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Semin Thromb Hemost. 2002 Feb;28(1):89-99.

Upper extremity deep venous thrombosis.

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  • 1Department of Medicine, Michigan State University, East Lansing, Michigan 48824-1313, USA.

Abstract

Upper extremity deep venous thrombosis (UEDVT) makes up approximately 1-4% of all episodes of deep venous thrombosis (DVT). Risk factors for UEDVT include central venous catheterization, strenuous upper extremity exercise or anatomic abnormalities causing venous compression, inherited thrombophilia, and acquired hypercoagulable states including pregnancy, oral contraceptive use, and cancer. Unexplained or recurrent UEDVT should prompt a search for inherited hypercoagulable states or underlying malignancy. Clinical presentations include arm, neck, and shoulder pain; edema; skin discoloration; tenderness; and venous distension. Because UEDVT is frequently asymptomatic until complications ensue, a high index of suspicion is required for patients with one or more risk factors for thrombosis. Pulmonary embolism and post-thrombotic syndrome are the most common sequelae of UEDVT. Early detection and treatment of UEDVT decrease complications, morbidity, and mortality. Compressive ultrasonography is an effective and economical means of confirming the clinical diagnosis in most patients. Traditional anticoagulant therapy of UEDVT is giving way to a multimodal approach involving transcatheter thrombolytic therapy followed by a minimum of 3 months of warfarin sodium anticoagulant therapy, venous decompression as needed, and balloon angioplasty with stenting for treatment of residual stricture. Low-dose anticoagulant therapy can safely and effectively mitigate the increased risk of UEDVT associated with the use of central venous catheters.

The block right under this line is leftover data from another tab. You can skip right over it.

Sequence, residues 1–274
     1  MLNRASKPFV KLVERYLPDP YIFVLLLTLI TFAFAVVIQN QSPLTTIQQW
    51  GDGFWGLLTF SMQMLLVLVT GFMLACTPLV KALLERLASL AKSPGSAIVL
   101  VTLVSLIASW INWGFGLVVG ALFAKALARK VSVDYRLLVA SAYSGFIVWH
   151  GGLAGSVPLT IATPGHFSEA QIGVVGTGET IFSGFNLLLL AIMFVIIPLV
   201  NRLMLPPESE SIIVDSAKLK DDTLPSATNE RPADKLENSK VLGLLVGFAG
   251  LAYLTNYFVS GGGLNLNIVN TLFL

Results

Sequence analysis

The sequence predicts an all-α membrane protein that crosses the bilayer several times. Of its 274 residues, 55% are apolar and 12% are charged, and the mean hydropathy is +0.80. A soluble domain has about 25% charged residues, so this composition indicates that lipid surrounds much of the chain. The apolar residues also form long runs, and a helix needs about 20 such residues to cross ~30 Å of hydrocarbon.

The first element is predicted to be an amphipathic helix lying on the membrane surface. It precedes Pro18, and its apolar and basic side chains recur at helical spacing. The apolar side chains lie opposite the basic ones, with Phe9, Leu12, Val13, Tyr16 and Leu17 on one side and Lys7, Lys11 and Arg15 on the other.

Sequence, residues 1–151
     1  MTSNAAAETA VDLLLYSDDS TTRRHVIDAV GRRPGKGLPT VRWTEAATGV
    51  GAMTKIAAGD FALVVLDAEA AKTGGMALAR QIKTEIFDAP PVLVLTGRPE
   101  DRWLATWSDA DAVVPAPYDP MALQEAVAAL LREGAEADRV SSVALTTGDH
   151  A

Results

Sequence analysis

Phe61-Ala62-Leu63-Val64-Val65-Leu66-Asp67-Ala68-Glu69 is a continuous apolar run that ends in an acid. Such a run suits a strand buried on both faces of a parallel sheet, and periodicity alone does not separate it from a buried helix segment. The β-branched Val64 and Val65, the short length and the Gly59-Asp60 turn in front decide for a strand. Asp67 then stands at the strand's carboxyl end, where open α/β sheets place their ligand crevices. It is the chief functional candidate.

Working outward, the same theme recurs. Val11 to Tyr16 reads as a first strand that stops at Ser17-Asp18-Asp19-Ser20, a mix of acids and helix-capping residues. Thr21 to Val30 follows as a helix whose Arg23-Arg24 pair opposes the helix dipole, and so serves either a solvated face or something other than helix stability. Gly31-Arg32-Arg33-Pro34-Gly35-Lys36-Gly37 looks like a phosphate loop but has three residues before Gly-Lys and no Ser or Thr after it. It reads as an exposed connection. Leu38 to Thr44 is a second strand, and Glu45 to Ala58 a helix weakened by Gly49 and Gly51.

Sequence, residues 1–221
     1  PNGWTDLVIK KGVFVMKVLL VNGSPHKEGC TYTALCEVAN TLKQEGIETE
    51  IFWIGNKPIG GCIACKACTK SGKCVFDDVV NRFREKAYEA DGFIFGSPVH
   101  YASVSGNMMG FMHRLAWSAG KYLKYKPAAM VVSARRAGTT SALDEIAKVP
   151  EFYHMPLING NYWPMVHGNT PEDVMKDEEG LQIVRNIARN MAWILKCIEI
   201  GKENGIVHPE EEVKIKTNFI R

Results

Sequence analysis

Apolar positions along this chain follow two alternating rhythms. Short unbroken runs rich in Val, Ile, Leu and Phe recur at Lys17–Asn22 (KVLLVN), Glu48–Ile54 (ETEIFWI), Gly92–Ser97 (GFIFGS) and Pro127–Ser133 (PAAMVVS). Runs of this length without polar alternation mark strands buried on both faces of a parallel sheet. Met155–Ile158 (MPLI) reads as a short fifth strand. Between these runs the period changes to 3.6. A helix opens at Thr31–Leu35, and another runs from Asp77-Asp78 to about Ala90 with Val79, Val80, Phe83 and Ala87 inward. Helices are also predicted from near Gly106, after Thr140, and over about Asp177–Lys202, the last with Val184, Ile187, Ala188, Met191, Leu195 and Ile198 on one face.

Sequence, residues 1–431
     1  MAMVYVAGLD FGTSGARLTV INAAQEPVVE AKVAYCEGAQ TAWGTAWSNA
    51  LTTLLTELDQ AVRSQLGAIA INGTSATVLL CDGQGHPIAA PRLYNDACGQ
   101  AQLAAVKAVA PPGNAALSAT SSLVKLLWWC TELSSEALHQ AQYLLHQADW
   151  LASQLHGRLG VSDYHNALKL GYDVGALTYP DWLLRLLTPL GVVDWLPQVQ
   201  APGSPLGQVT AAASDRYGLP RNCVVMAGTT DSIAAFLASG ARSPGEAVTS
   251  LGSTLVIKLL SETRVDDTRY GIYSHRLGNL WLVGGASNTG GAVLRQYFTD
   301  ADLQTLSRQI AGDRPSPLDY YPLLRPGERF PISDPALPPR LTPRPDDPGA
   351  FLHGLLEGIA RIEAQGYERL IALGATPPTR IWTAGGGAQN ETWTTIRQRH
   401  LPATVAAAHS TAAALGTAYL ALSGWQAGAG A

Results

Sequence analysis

PMID:
11885029
[PubMed - indexed for MEDLINE]
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